As you work with your real estate broker to price your home, it’s important to find the sweet spot – that is, the spot that is likely to bring in the most buyers. The sweet spot means you’re in the market, not on the market.

For more information on selling your home or the real estate market, please call me at 206-790-0081 or email Jamie@JamieFlaxman.com.

Shift in the Market?

We are seeing a shift in the market, but it’s not a cause for alarm. This shift is a balancing. We have reached the point where prices have hit the top and now they’re settling down. A recent article from CityLab.com explains it well:

“Housing prices are cooking. Across the nation, the price of homes is rising faster than the rate of inflation—in some places by a factor of three. That’s true of high-cost cities such as Seattle and San Francisco and lower-cost cities such as Charlotte and Tampa alike. And the overheated market for homes is costing the middle class the American dream.

Nationwide, the price for homes is approaching the zenith seen in 2006, just before the market fell into a foreclosure crisis and the economy sank into the Great Recession. . .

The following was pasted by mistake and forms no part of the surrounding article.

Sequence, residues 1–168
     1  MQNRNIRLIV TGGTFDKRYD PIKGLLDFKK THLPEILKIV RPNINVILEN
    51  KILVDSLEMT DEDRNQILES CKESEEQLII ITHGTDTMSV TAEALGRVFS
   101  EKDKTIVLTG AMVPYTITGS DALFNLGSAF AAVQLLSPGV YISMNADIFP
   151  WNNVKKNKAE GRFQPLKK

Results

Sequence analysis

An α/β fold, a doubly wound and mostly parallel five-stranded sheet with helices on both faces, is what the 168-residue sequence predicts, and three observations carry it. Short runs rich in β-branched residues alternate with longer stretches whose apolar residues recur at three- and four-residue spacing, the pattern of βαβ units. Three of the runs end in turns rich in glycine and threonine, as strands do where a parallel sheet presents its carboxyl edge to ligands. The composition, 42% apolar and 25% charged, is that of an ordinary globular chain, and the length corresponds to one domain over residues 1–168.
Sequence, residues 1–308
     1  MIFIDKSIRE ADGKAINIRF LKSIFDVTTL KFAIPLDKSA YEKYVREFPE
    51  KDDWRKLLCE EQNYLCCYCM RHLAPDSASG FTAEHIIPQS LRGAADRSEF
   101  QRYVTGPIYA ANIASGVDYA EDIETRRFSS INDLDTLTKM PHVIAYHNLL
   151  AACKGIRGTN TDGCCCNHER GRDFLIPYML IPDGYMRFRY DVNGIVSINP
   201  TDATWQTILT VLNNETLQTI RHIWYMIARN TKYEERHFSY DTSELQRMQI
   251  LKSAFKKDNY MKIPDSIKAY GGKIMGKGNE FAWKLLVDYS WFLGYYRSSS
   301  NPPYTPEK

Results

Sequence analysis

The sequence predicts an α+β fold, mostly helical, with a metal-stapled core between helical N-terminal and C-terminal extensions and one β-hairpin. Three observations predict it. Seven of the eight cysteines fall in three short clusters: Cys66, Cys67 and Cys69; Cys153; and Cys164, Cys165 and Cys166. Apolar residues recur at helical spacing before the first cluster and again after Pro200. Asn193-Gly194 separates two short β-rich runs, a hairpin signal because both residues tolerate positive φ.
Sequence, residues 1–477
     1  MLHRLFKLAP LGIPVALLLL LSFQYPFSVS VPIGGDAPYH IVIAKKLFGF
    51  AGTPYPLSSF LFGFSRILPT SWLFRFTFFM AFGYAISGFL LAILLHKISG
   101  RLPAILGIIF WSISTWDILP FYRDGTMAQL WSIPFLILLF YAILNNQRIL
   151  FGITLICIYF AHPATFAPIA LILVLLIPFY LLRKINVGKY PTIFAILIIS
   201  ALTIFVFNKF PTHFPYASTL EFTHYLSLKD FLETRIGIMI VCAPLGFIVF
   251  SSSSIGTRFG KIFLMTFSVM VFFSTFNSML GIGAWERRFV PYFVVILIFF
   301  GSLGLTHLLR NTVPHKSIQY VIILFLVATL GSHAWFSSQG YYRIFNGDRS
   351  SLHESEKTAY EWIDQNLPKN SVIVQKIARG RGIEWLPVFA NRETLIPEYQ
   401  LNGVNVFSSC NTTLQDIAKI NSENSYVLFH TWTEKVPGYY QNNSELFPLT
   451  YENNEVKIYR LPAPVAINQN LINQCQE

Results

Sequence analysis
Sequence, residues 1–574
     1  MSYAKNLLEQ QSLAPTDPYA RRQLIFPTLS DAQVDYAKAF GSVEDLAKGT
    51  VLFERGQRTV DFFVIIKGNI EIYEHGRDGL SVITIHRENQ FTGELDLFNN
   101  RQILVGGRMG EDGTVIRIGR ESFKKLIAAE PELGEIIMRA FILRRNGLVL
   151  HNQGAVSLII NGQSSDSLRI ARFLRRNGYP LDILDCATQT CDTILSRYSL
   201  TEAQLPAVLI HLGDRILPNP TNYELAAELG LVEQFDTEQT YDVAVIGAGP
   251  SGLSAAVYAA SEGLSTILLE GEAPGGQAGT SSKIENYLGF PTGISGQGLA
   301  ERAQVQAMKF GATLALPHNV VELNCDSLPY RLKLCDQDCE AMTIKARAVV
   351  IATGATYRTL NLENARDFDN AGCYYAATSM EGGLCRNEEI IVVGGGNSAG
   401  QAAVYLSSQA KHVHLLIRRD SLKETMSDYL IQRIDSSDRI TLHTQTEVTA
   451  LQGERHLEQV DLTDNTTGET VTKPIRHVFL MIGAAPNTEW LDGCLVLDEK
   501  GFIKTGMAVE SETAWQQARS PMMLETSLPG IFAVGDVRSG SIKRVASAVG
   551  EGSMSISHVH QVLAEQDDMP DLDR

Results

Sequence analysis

But there are key differences between the housing peak in 2006 and the housing peak today. This surge in housing prices is not necessarily evidence for a bubble—much less any indication that a bubble is about to burst.

Late in July, the S&P CoreLogic Case–Shiller U.S. National Home Price NSA Index tracked a 6.4 percent annual gain in home prices for May 2018. This index has recorded year-over-year increases of at least 5 percent every month since August 2016—a sign of the strength of the recovery. . . . in Seattle, which saw a year-over-year price increase of 13.6 percent for May, home prices are already well above the 2006 high-water mark.

But since most workers aren’t earning 6 percent raises year after year, eventually this party has to come to an end. (Indeed, for four-fifths of privately employed workers, wages are actually falling.) Housing prices will stabilize or soften because they have nowhere else to go. The prevailing trend is unsustainable. “If something can’t go on forever, sooner or later it will end,” says David Blitzer, managing director for S&P Dow Jones Indices. With mortgage rates and prices rising, sales in both new homes and existing homes are starting to slow. ‘Either buyers have gone for the summer, because it’s too hot to look at housing, or they’re pausing to see what’s going on,’ Blitzer says. ‘If the pause continues, you’ll see sales go down.'”

And this is what we’re now seeing in Seattle. Most homes are not selling in 7 days and significantly above list price right now. I’m seeing a significant increase in price reductions and less multiple offer situations as well.

What does this mean for you? If you’re a buyer, this is all good news. It means you may be able to get into the market without a bidding war and having to look at homes significantly below your price point.